Check our Webinars page for additional details and links to register.

With speed a contributing factor in 27 percent of all fatal crashes, communities will find it very challenging to reduce traffic fatalities and severe injuries without managing speed for safety. Managing speed is so central to saving lives and eliminating severe crashes that Safe Speed is a core tenet of Vision Zero.

While there is no one-size-fits-all approach to speed management, there is a trifecta of strategies involving street design, lower speed limits and automated speed enforcement that have been proven to work in communities.

Boston, Seattle, Portland and New York City have all worked to lower speed limits in the past few years to advance Vision Zero with encouraging results. A recent study of Boston’s reduced speed limit showed that lowering the speed at which vehicles travel does in fact result in less speeding. Boston saw the greatest decline — a 29.3% reduction — in the odds of speeding for vehicles traveling faster than 35 mph. This is notable because it is at these higher speeds that crashes are most dangerous, especially for those walking.

As part of the November 2018 Vision Zero Cities Conference hosted by Transportation Alternatives in NYC, the Vision Zero Network and Institute of Transportation Engineers is co-hosting a workshop Thursday, November 8 from 8:30am – 12pm titled: Managing Speed for Safety: A Workshop to Advance Vision Zero in Local Communities. Leading experts and practitioners in this interactive workshop will share the latest in proven speed management strategies at both the national and local levels. Topics will include:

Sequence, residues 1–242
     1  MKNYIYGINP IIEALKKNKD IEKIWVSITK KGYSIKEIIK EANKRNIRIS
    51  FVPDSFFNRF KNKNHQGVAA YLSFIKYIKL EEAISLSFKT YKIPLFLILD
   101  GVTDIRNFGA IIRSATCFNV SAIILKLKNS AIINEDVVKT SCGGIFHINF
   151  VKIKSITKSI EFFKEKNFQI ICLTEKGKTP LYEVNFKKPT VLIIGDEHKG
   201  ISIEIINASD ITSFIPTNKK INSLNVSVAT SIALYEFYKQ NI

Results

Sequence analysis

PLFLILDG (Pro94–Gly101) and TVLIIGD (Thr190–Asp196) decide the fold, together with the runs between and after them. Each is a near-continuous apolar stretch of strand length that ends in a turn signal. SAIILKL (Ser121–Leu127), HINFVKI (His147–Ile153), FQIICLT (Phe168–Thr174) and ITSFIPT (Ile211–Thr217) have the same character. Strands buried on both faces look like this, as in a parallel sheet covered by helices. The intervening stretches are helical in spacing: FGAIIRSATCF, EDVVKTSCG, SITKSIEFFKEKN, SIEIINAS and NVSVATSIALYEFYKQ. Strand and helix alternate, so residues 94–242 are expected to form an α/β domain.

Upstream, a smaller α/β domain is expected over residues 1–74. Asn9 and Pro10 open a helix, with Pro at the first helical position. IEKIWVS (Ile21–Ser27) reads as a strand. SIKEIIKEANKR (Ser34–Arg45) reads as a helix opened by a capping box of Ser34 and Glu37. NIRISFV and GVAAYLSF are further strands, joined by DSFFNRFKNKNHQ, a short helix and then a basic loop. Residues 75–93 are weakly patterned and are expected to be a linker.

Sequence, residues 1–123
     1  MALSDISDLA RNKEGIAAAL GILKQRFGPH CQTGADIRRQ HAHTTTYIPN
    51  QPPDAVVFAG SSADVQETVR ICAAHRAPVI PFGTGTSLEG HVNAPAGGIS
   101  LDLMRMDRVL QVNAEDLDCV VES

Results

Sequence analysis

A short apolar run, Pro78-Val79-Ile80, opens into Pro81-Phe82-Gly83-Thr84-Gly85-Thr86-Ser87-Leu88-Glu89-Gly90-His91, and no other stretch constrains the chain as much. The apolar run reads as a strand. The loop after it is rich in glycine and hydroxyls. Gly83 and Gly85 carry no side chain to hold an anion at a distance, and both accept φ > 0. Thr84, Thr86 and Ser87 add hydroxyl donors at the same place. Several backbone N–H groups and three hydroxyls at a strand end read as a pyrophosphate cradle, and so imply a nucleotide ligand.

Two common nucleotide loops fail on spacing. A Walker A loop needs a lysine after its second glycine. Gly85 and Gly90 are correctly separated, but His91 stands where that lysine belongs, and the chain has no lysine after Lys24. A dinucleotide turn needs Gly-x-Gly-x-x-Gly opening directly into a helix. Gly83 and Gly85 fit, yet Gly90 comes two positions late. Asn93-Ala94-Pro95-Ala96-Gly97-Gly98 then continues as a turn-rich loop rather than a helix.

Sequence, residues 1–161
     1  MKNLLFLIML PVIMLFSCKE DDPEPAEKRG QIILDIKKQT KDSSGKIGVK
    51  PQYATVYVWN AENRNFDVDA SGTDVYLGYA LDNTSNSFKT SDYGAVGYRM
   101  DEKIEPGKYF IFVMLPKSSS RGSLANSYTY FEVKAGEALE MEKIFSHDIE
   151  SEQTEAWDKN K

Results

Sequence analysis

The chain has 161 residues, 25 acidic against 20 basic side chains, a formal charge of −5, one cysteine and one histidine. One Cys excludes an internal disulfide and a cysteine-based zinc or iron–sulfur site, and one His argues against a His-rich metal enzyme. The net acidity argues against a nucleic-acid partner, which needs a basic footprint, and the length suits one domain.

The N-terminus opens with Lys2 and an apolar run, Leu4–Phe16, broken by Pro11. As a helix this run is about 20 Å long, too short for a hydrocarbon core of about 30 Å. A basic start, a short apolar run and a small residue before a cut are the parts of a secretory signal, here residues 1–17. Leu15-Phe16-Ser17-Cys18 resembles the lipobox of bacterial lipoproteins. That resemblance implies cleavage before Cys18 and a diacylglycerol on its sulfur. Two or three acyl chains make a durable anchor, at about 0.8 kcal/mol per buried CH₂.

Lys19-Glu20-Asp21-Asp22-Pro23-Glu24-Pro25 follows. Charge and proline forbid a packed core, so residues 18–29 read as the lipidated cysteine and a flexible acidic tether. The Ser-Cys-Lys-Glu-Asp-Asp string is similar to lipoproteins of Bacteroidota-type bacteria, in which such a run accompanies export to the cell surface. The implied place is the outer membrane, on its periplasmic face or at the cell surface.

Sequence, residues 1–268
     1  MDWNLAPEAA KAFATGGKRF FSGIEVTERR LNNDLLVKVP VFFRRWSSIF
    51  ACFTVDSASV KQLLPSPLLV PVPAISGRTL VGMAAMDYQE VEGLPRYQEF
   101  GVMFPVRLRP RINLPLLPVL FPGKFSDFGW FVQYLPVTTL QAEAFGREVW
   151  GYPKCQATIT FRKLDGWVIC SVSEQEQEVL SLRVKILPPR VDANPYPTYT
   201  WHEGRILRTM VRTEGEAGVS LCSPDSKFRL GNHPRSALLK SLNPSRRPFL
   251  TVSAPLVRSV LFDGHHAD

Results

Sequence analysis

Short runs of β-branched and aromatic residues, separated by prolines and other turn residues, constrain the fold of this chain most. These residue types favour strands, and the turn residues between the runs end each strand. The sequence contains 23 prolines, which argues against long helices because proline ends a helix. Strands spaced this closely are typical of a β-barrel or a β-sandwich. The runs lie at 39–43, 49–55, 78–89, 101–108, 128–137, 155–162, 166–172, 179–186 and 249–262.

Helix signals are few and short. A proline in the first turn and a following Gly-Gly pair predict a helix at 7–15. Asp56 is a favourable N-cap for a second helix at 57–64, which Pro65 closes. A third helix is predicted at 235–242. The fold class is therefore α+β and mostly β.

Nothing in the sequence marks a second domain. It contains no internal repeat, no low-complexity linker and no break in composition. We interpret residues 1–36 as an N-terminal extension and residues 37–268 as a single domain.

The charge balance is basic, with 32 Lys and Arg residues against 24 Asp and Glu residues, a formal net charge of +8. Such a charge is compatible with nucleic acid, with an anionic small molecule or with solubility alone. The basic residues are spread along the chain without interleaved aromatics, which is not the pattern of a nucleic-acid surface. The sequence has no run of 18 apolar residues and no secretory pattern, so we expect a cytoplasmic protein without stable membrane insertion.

• how speed management efforts fit into Vision Zero’s Safe Systems approach;
• recent success stories from cities pursuing new speed management strategies;
• how redesigning streets, using camera technology and by setting appropriate speed limits are key to Vision Zero.

We encourage participation from diverse stakeholders in the Vision Zero realm, including transportation planners and engineers, policymakers, public health professionals, law enforcement officers, and community advocates. If interested in participating in the workshop, registration is strongly encouraged soon as space is limited.

To register, visit http://transalt.org/vzccday2

Also, save the date for two upcoming Vision Zero Network webinars on Safe Systems and Speed:

October 30, 2018 Safe Systems - What Does it Mean for Vision Zero? Part 2 (postponed)
Join the Vision Zero Network and the Collaborative Sciences Center for Road Safety for the second part in a series focused on how the Safe Systems approach underpins effective Vision Zero commitments. You can learn more about Part 1 here.

November 14, 2018 Lowering Speed Limits to Manage Speeds: Experiences in U.S. Cities
Join the Vision Zero Network and the Insurance Institute for Highway Safety (IIHS) to learn about recent studies showing effective speed management strategies in U.S. cities. You can learn more about IIHS’ research here.

Check our Webinars page for additional details and links to register.